To the Right Honourable Justin Trudeau, Prime Minister of Canada:
It feels like just yesterday you were campaigning with the promise to, “legalize, regulate, and restrict access to marijuana,” if elected Prime Minister. And now, here we are! Elected you were, and that promise you are keeping. But before your proposed cannabis laws are dragged back and forth across the Commons floor, Justin, I want you to know I’ve been thinking about what you said during the campaign.
You were right. Our current system of prohibition isn’t working and it is time for a change. Forgive me for being so forward, but have you considered loosening up on the heavy-handed, “legalize, regulate, and restrict,” language? This just doesn’t sound like you. I believe you can (and want) do better than just effectively controlling and restricting cannabis. And I believe you can do that by legalizing in the spirit of the modern values now synonymous with your office.
Yes, legalizing a controlled substance is a big responsibility. But it’s small PEI potatoes compared to the tremendous opportunity before you. You now have the power to use the cannabis industry to make a better Canada, one that truly elevates the earning potential of poorer Canadians, boosts our economy, and strives toward meaningful reconciliation with Indigenous Peoples. All this begins with creating a climate of informed and responsible acceptance of cannabis and those who use it, and backing off of disproportionately high prison terms.
It’s true that some Canadians fear legalization will onset a kind of Reefer Madness effect, wherein young people are perpetually high and good citizens pass en masse through the gateway from cannabis to hard drugs. But real-talk: that’s fake news. The data is in and most Canadians are either neutral or just plain happy about legalization. And the implementation of new laws must reflect these attitudes. As for the hard-drug-hysteria crowd, even they must admit that while they’re fussing over marijuana hypotheticals, the opioid crisis is here, creating all sorts of deadly problems without any help from marijuana, illegal or otherwise. What a revelation it would be to hear you say that out loud.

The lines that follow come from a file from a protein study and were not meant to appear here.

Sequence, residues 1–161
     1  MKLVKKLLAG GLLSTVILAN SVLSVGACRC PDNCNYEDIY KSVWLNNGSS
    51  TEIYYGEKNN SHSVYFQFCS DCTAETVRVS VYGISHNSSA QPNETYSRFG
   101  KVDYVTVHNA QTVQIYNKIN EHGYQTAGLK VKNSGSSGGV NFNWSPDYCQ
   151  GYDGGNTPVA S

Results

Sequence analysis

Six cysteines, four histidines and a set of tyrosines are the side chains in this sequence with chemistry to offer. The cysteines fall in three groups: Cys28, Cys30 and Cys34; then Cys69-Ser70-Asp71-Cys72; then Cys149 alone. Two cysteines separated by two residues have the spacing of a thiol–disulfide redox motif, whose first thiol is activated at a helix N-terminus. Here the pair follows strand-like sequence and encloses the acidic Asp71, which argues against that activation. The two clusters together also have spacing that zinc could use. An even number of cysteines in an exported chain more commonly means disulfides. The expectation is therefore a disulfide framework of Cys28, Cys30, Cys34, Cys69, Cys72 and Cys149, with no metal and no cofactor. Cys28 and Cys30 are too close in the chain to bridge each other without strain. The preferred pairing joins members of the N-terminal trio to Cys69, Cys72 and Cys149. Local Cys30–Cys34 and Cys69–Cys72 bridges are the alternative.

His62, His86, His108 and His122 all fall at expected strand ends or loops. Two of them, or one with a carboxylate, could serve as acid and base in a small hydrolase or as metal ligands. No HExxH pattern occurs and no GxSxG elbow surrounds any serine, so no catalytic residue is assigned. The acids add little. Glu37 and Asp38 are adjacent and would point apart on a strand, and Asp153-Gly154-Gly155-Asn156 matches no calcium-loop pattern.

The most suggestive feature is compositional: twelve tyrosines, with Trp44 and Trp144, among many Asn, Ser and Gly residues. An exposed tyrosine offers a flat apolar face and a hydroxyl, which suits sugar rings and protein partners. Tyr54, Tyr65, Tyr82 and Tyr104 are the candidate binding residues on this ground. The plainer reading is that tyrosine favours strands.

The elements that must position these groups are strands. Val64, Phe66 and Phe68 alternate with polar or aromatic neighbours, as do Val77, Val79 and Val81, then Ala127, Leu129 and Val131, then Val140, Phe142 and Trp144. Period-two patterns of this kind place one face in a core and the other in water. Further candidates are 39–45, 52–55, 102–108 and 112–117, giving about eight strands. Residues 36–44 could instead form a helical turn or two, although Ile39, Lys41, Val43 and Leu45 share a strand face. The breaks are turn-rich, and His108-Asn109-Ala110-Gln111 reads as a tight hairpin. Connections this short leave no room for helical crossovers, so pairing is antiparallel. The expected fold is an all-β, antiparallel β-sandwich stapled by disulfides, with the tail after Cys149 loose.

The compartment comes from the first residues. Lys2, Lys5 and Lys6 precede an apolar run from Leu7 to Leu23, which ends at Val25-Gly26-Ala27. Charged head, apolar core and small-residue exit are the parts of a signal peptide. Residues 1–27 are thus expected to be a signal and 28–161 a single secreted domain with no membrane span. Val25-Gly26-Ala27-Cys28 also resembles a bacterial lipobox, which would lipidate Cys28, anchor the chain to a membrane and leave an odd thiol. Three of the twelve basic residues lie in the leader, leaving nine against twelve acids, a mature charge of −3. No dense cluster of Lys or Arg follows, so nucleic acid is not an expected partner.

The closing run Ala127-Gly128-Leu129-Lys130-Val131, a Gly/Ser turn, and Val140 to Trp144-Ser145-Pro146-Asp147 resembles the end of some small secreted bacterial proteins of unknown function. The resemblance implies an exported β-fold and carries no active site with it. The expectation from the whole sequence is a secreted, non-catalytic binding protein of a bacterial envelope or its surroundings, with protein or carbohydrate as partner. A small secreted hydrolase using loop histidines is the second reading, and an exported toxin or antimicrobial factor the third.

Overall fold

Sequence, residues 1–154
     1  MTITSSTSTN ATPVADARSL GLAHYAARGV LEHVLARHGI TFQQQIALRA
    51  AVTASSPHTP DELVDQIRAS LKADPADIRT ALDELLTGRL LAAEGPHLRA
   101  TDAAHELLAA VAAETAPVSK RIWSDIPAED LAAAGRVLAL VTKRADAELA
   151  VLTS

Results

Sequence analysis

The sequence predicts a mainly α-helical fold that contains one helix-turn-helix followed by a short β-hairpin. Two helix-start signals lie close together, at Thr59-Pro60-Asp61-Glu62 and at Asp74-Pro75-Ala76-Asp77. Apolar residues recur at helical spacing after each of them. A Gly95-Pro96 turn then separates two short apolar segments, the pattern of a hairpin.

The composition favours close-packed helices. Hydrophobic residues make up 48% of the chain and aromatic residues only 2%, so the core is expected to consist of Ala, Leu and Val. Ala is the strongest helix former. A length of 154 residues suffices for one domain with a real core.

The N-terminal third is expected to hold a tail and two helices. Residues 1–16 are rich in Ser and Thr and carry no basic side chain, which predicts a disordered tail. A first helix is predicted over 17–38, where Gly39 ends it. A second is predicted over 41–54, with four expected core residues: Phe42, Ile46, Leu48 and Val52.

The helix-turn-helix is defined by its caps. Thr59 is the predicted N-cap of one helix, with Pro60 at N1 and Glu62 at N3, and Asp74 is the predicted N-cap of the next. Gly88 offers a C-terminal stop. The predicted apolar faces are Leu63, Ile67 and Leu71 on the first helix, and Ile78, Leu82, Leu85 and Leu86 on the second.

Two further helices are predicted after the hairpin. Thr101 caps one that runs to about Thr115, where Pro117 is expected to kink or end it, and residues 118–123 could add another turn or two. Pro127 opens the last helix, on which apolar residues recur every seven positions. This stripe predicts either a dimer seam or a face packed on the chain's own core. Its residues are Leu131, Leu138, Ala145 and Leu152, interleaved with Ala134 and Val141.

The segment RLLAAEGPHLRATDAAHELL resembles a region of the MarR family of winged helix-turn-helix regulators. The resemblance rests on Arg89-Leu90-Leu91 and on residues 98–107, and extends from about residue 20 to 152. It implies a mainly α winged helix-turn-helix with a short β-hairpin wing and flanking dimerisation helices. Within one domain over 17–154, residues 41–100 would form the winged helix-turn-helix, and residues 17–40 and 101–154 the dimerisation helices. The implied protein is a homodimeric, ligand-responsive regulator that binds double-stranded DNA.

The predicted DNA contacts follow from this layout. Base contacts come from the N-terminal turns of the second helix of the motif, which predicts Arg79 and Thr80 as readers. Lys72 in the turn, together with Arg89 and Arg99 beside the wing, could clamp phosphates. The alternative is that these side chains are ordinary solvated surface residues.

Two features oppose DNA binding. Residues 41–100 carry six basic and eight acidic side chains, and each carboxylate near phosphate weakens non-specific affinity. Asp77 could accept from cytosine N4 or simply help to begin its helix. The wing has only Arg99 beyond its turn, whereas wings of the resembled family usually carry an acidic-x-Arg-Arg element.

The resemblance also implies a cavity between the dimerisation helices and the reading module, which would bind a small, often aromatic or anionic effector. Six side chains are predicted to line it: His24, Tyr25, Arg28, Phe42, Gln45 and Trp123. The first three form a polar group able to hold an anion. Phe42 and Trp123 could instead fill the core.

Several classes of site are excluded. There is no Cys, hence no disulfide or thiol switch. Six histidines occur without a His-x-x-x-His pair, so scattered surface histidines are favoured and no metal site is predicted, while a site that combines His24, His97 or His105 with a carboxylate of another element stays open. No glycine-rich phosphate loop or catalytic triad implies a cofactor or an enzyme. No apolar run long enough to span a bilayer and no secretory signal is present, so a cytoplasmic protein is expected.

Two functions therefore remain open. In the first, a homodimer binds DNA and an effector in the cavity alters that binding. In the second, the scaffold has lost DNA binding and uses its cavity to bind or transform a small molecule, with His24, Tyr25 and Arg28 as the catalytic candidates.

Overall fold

You’ve taken a big focus on protecting youth in the proposed bill. This is smart, because marijuana, like alcohol, may have a negative impact on the developing brain. Now, my cheekier side wants to remind you that we adults know it’s against the law (and a bad idea) to give alcohol to minors. That’s why most of us don’t do it. I expect we will apply the same restraint when it comes to marijuana and would do so even without the threat of the proposed maximum 14-year prison term for such an offence.
14 years? Really?
There’s no other way to say it, Mr. Prime Minister: this is a different kind of reefer madness. Simply put, these penalties are disproportionate to similar offences making them seem not only hysterical but also uninformed. We both know you’re going to be hearing this a lot over the next year, but for the similar crime of giving alcohol to minors, penalties include a fine and a possible jail term of up to one year. Moreover, and I mean no disrespect, are you also aware that the maximum sentence for receiving a financial or material benefit for the purpose of committing or facilitating trafficking in child victims is also 14 years? Even if your government’s proposed maximum sentences are a PR move to show disbelieving Canadians you take legalization seriously, they fall far out of step with balanced crime and punishment.
We are a vast land with a relatively small population. An yet, the world is looking at us, shoulders shrugged, palms turned up, and eyes wide asking, “How can we be more like Canada?” As Rolling Stone (congrats on the cover, by the way) elegantly pointed out, you are governing with a forward-thinking mind and drawing from contemporary values that position you and Canada as global leaders. So please Justin, hold the world’s worried gaze and consider taking the sunnier path to legalisation.
I know it’s early in our correspondence and there is much to discuss, but the conversation must begin with a clear vision of who we want to be as country come July 1, 2018.
Until next time, may the force by with you.